Form 8833 & Tax Treaties – Understanding Your US Tax Return

Form 8833 & Tax Treaties – Understanding Your US Tax Return

Americans living abroad are spared double taxation through tax treaty agreements. If you live in a foreign country that has a tax treaty with the US, you may need to file IRS Form 8833 along with your tax returns every year. 

Find out more about Form 8833, instructions on how to file, and how this form might save you money in taxes when living in a foreign country. 

Key Takeaways

  • US tax treaties with foreign countries can protect US expatriates from double taxation. 
  • If you’re claiming a provision from a tax treaty, you’re typically required to file Form 8833. 
  • In some cases, savings clauses could prevent you from claiming a tax treaty benefit, but you may still be able to reduce your tax burden through other tax credits and deductions. 

What are US Tax Treaties? 

When living abroad, your foreign income may be taxed by the country where you’re residing. However, as a US expat, you’re still liable for US income taxes. A tax treaty between the US and another foreign country can remove this tax burden, so you don’t have to worry about paying taxes on the same income to two different countries. 

Generally, tax treaty provisions apply to US non-residents or dual-resident taxpayers. Under these treaty agreements, residents of countries outside the US may be taxed at a reduced rate, or certain income items received by these residents could be exempt from US taxes. 

Tax treaty provisions are generally reciprocal, which means they apply to both countries. A non-resident of the US would be able to apply the same treaty provision to US income that a US resident could apply to income received in the treaty country. 

Pro Tip

You can find an up-to-date list on which countries have tax treaties with the US on the IRS website.

Do Tax Treaties Prevent Double Taxation on States Taxes? 

Although tax treaties with foreign countries can protect your income on the federal level, you could end up owing state taxes. Some US states honor the provisions of US tax treaties, but some do not. If you are applying a tax treaty to any of your income, it’s important to determine whether your state of residence or the state that is the source of your income recognizes the tax treaty provisions.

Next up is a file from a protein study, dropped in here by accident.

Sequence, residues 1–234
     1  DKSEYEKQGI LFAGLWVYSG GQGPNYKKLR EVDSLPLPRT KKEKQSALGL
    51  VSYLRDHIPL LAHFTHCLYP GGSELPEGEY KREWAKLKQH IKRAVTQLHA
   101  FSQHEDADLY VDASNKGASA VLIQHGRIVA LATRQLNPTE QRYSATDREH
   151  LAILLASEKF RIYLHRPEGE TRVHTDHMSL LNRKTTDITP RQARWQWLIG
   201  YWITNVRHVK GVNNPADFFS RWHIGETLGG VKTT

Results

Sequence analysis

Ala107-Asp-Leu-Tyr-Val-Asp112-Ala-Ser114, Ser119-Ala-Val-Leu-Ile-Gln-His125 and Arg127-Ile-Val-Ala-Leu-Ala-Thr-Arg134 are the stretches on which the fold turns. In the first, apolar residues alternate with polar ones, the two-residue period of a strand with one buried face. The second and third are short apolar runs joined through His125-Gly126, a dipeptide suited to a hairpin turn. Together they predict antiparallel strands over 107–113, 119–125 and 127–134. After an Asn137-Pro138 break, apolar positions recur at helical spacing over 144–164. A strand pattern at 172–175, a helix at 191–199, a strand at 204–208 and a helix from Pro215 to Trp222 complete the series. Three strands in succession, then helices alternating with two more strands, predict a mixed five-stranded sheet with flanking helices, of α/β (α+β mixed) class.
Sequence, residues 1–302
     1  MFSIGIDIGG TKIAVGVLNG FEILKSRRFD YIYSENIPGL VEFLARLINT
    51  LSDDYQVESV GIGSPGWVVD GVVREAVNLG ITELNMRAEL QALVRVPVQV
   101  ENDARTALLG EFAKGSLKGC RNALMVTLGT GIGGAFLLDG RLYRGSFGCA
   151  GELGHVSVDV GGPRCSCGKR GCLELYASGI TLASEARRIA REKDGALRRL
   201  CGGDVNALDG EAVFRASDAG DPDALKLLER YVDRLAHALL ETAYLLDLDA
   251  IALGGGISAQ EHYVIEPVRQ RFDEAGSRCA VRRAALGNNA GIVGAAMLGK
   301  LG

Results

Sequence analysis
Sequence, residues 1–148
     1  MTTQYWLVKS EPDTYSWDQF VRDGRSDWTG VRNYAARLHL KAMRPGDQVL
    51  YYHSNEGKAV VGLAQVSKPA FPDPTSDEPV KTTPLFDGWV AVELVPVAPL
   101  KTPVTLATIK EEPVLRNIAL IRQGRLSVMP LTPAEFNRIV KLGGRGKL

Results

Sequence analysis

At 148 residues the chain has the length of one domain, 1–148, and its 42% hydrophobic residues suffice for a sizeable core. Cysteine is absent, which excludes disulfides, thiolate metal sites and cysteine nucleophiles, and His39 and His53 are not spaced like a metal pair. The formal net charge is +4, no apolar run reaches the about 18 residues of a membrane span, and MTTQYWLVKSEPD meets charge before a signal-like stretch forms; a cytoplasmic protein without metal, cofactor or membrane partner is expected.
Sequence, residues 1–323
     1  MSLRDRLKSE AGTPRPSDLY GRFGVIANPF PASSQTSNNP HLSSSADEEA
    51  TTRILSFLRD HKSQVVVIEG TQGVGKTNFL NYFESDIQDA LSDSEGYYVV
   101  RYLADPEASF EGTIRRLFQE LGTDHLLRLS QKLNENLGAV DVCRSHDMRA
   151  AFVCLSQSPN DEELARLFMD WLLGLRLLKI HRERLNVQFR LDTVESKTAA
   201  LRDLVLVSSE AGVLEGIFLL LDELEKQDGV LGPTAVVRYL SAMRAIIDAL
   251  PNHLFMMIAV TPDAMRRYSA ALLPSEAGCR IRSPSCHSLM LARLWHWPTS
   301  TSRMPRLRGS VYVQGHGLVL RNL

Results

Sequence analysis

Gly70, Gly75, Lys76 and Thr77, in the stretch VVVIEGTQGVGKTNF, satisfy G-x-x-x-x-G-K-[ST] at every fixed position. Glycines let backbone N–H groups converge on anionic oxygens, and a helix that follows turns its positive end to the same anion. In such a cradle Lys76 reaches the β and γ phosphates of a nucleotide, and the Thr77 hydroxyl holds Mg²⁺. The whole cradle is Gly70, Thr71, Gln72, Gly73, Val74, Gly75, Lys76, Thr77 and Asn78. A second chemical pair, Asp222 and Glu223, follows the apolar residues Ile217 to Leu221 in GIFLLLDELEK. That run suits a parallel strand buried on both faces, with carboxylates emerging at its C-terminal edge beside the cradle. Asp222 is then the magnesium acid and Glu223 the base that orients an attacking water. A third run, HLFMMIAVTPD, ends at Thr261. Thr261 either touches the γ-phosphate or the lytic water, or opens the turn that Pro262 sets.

You can find this out by visiting your state’s department of revenue website to find out how overseas income is taxed (if at all). You can also reach out to a tax professional if you’re not sure if you’re on the hook for state income taxes. 

Every expat should know these 25 things about US expat taxes. Find out for yourself.
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How to File Form 8833 

If you’re required to file IRS Form 8833, Treaty-Based Return Position Disclosure Under Section 6114 or 7701(b), you’ll attach it to your tax return every year that the treaty provision applies to you. If you file online, ensure it’s completed and sent in with your tax returns.  

When filling out the form, you’ll need to provide key specific Information about the tax treaty, including: 

  • The country of your tax residence 
  • When you first entered the foreign country 
  • Your foreign residency status 
  • Why are you in the foreign country 
  • The article of the treaty that applies to your tax return 
  • The amount and type of income that’s exempt from taxation, based on the treaty 

Your answers will depend on the country where you’re residing, but an expat tax professional can work with you to make sure the right information is provided. 

Form 8833 must also include a general description of the treaty-based position you’re applying to your expatriate tax return. You must include the nature and amount of exempt income, deduction, or credit, along with the description and a brief summary of the facts upon which the treaty position is based.